In my first article on simulating tilt-shift miniature faking with the GIMP I linked to instructions from Gimparoo!. Firstly, these instructions are no longer completely correct on the latest version of the GIMP because some of the menu sequences used have changed. Secondly, I’ve been looking at other sets of instructions on the web for doing this with PhotoShop and comparing them to the Gimparoo! instructions (particularly these instructions). What I’ve found is that the Gimparoo! instructions are not entirely complete so I’ve decided to write my own.
As usual I want to stress that I am not making any claims that these instructions are in any way definitive. There may well be WAY better ways of doing this. What I’m saying is that this is the best way I’ve found of doing it so far and that it works for me.
First, lets look at my raw image. This is not an image of mine but one Allison Sheridan from the NosillaCast podcast was nice enough to allow me to use. She took it last summer while on holidays in Italy.
The first thing to note is that a dramatic cloudy sky is not good to have on a TSP shot. It will ruin the illusion! Also, you need to have a point of focus in the image where there is something interesting happening which will serve as the point where the artificially thin depth of field will be centred. For both those reasons I’m going to start by cropping the photo to an area centred around the church square. To do that just choose the selection tool, select the area you want to keep and then go to
Image -> Crop to Selection.
For the effect to work best we should scale the image to the size we want to use it at (I’m opting for a width of 1024px). To do that go to
Image -> Scale Image ... and enter the width you want and click Scale. Apart from your chosen width or height all the rest of the controls can be left at their default settings.
The sharper your image is at the point you’ll be using as your focus the better the effect will be. If your original image is a little soft I’d recommend applying an un-sharp mask by going to
Filters -> Enhance -> Unsharp Mask .... Again, the defaults should be fine.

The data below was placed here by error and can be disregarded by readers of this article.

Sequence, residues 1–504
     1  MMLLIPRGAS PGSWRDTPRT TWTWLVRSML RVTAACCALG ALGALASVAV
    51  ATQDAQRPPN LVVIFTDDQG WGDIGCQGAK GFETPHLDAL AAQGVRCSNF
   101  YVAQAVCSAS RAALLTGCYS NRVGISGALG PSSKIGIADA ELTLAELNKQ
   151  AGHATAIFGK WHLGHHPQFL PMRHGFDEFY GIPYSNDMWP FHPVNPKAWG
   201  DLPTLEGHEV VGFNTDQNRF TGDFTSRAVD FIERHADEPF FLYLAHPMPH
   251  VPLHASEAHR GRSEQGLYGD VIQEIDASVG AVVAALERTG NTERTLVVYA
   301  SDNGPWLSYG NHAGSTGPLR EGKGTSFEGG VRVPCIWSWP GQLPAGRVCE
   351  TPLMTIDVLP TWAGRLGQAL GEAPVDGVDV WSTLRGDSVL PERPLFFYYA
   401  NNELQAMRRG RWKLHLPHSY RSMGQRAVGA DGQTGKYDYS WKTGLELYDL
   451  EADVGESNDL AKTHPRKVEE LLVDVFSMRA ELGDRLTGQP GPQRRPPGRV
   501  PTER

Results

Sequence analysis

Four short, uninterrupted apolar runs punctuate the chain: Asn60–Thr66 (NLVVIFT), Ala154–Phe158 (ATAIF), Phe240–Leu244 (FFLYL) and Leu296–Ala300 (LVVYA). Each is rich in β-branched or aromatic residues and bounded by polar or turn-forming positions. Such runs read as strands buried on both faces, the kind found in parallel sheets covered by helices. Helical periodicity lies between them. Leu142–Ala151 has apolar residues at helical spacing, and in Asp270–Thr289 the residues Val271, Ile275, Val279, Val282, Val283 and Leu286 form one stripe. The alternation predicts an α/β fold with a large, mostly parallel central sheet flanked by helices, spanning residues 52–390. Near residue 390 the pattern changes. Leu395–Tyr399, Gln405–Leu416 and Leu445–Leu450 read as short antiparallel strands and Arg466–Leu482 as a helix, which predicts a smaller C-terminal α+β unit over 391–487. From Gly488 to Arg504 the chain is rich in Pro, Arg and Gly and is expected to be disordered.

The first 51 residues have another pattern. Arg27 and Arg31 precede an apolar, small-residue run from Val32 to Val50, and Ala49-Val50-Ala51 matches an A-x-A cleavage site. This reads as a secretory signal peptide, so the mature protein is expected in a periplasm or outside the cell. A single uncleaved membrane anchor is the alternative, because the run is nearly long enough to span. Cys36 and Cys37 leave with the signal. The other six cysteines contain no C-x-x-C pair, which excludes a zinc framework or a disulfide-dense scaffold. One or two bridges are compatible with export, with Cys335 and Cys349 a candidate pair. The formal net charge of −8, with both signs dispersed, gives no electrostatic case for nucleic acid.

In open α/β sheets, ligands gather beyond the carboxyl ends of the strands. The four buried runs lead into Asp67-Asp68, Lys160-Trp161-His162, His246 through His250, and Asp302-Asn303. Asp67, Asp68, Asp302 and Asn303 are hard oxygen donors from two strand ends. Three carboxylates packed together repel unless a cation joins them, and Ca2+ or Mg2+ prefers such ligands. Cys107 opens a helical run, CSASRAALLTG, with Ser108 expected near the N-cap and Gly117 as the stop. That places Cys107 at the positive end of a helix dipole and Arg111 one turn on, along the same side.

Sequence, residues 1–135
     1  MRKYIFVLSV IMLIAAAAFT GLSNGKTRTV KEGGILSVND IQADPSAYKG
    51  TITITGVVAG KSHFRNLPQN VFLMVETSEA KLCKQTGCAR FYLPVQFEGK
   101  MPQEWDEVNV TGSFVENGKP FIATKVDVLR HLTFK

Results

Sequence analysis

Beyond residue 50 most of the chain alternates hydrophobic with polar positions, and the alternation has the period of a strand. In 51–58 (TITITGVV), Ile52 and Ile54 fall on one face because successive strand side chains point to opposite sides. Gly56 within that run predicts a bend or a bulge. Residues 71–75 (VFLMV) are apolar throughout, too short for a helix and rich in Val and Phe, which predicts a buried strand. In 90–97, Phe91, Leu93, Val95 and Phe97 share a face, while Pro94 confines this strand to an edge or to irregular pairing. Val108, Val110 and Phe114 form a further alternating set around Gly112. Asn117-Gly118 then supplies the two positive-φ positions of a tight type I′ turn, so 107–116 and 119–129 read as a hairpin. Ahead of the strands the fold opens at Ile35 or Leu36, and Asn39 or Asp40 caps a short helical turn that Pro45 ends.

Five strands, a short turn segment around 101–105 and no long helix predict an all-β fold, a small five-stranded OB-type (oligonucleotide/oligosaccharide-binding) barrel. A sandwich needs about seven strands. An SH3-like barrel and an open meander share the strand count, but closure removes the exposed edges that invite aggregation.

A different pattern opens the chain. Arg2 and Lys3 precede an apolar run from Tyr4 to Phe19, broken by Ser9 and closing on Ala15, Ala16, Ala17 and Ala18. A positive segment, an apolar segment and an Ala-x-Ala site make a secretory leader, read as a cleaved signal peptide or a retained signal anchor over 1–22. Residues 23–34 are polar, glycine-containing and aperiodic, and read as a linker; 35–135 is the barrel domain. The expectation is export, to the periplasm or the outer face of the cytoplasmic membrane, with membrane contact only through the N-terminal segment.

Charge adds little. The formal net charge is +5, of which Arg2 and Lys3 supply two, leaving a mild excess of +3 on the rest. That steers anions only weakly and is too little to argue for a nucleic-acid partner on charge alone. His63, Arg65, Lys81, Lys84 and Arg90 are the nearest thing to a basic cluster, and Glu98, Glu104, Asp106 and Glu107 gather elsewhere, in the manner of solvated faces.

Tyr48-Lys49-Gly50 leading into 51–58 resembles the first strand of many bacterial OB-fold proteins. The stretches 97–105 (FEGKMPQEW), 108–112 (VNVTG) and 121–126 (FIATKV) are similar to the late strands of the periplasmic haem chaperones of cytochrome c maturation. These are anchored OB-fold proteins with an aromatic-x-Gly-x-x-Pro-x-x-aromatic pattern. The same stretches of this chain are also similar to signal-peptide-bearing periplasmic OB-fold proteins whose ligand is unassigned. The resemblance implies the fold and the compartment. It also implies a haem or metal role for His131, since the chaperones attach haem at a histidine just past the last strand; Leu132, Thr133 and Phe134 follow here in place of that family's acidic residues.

So lets see where that leaves us so far:
The next phase in the process is to apply the blurring that will artificially produce a shallow depth of field. To set this up we need to do a few things. We start by creating a new transparent blank layer called ‘Mask’ by choosing
Layer -> New Layer .... The settings for this layer should look like this (the width and height will probably be different, leave them at their default values):
Next we need to set this layer up as a masking layer by right-clicking on the layer in the Layers Pallet and then choosing
Add Layer Mask. (Before you do this you should make sure you have black set as the foreground colour and white as the background colour.)
In the resulting dialogue box you need to select
White (full opacity).
Next you need to select the blend (AKA gradient) tool and ensure it is set to the default gradient of
FG to BG (RGB). Then you need to set the shape to Shape to
Bi-linear. The blend tool details should look like the following if you have it configured correctly:
Before we go any further make sure you have the Mask layer selected as your current layer. Now it’s time to get creative! We need to choose our point of focus in the image and then drag a line from there with the blend tool straight upwards till the point where you’d like the deep out-of-focus region to start. You won’t see much happening on the screen. If you’re very observant you’ll notice that the gradient has now been drawn onto the thumbnail of the mask in the Layers Pallet:
Note that if the point you’ve chosen for the focus of the image is not on the level then you should not drag straight up but rather perpendicular to the slope of the ground at your focal point.
Now you need to turn this blend into a mask by right-clicking on the Mask layer and selecting
Mask to Selection.
At this point you will finally get to see where your blurring will come on your image. If the selection hasn’t come where you want, undo the last two steps (
Edit -> Undo) and try again until you’re happy.
Now you need to select the Background layer before we can apply the blurring. To apply the blurring go to
Filters -> Blur -> Gaussian Blur .... This will pop up a window where you get to configure the blur. Conventional wisdom seems to be that a Blur Radius of 15px works best.
Now we’re getting closer. Lets have a look at where we are now:
At this point we’re clearly getting close but we’re not quite there yet. There is one more step that we definitely have to take and one that may also be helpful. We definitely have to push up the colours to give the whole image a more surreal feel and it may also be helpful to tweak the curves a little to boost contrast.
To boost the colours we use the Hue-Saturation dialogue which can be found at
Colors -> Hue-Saturation .... What we want to do here is to increase the Saturation. Accepted wisdom seems to be that a value in or around +40 should work best.
Finally, it might add a little to your image to boost the contrast slightly by going to
Colors -> Curves ... and setting a slight S-curve to boost the highlights and darken the shadows. You’re looking for a curve something like this:
And that, ladies and gentlemen, is it! You can now save out your image and enjoy! Here’s the end result of my work on this image: